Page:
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    The Kroman blades pictured above were a dismal failure for Gillette. They were rushed into production during the "blade war" with Henry Gaisman's Auto-Strop company and were not quite ready for prime time. Gillette charged 50% more for the blades, which were made from a chromium-manganese steel alloy. They did not perform as well as the old "green package" blades, but were the only blades that fit the NEW razors.

    After the Gaisman takeover of Gillette, they introduced the Blue blade which used the Probak manufacturing techniques and withdrew Kroman from the marketplace. Interesting that Gaisman continued used King C. Gillette's picture on the new Blue Blade package as it had been used on both the Kroman and the old green blades, and Mr. Gillette was no longer around . . .
    Brad - OGA
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    Sir Walter of Mount Royal is offline With all the recent changes, wouldn't be a good time to impose some stricter rules?
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    (Steel + chromium) x the right heat treatment = basic recipe for stainless steel.

    Kro-man = (steel + chromium + manganese) x wrong heat treatment = very brittle stainless steel = a big failure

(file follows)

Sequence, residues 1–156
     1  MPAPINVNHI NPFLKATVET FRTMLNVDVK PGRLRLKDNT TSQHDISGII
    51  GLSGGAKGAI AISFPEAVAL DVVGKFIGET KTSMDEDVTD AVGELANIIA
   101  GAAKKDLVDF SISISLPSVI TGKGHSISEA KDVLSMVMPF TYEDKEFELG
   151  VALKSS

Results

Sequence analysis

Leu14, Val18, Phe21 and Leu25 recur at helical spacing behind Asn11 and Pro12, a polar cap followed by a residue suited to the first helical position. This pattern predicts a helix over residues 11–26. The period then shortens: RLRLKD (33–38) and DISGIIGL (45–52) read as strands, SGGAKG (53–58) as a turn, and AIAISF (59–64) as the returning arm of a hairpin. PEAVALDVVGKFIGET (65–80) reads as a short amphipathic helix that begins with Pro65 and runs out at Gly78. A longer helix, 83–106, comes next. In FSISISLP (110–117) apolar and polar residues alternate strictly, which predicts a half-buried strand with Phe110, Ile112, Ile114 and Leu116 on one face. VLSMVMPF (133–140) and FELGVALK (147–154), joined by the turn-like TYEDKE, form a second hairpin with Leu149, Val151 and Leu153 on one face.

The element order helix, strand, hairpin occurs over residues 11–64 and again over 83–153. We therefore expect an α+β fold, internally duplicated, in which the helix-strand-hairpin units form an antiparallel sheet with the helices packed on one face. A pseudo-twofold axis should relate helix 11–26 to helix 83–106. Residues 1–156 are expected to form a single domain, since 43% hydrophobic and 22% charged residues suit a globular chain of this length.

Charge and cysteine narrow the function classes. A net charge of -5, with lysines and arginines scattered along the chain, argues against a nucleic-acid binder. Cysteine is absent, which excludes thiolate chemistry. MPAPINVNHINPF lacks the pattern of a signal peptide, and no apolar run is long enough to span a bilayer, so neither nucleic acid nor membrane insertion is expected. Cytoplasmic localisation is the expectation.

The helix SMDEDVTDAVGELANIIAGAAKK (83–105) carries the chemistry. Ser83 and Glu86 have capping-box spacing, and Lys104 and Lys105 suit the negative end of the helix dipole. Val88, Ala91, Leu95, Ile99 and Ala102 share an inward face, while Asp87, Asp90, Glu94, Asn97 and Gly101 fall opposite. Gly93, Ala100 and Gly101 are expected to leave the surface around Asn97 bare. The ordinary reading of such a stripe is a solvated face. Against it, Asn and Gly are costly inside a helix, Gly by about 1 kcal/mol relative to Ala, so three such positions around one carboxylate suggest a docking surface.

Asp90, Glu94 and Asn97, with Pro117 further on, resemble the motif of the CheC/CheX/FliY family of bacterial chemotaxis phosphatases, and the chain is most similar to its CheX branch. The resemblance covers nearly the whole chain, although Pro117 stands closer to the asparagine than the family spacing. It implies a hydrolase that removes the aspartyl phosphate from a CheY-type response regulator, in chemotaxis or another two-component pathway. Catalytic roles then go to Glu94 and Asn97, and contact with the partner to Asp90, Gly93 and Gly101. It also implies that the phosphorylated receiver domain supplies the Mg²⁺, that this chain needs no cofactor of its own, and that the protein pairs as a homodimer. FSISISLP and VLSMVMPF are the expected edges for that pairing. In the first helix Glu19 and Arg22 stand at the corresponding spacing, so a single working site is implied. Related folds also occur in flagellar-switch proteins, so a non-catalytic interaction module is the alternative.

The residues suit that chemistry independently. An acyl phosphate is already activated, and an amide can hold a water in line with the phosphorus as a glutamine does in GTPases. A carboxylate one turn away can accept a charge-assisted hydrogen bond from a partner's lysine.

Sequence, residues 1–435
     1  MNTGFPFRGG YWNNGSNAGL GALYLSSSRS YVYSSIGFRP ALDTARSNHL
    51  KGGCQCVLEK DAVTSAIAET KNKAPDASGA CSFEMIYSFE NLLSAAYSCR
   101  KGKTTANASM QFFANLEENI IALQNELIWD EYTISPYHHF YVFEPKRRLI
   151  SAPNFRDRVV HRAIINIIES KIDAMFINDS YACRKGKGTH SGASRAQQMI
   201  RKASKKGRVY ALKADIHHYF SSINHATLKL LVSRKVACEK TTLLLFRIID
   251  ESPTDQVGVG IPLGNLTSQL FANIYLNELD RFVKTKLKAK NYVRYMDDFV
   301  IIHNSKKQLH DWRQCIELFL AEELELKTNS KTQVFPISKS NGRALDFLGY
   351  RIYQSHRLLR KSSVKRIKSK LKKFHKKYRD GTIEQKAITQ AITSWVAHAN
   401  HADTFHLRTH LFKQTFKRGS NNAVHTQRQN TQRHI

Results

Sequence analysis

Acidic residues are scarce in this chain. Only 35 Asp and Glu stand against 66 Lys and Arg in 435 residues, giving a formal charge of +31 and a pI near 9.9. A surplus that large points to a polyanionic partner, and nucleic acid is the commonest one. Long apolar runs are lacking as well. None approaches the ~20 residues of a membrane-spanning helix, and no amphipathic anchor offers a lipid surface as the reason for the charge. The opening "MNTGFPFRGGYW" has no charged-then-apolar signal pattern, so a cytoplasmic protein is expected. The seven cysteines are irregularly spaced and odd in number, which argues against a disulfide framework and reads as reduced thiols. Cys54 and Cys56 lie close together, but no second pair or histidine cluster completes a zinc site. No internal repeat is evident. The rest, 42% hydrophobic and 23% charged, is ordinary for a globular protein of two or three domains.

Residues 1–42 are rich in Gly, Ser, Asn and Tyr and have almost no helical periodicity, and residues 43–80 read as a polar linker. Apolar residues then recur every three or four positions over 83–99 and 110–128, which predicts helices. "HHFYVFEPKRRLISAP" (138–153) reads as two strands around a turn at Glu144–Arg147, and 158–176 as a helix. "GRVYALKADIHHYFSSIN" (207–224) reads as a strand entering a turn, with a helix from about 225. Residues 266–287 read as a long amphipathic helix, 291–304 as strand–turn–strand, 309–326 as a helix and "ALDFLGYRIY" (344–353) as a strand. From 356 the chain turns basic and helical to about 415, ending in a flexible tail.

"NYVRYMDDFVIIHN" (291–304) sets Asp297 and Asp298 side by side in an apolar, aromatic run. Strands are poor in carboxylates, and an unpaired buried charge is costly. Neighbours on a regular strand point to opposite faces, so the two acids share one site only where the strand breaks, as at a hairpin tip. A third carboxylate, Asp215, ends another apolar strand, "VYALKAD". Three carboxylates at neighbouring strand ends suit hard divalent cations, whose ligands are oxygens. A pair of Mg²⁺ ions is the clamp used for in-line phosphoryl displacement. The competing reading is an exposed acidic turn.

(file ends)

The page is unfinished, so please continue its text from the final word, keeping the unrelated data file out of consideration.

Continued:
Because of the embarrassment caused by the Kro-Man blades, Gillette created the famous Blue blades, so that the consumer could be assured they weren't being sold some of the Kro-man leftovers.

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    What effect would Corduroys have?

    Or Parachute pants?



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    Quote Originally Posted by Drummer2177 View Post
    What effect would Corduroys have?

    Or Parachute pants?

    Corduroys would cause ridges so your face would look like someone went over it with a rake! OUCH!

    Parachute pants could only be used while in mid air descending to earth, so we would not see a lot of applications with that design!
    The goal is for each person to find what serves them best in the art of shaving.

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    so in essence, to strop a sharpened blade, with a cloth material is good, but a sturdy one such as denim or canvas is more conducive to maintaining a fine edge.

    Lesson of the day? if you're in a pinch...i.e. you're down to your last blade of the one million you aquired during your blade aquisition frenzy...take some denim to it.
    Klassic1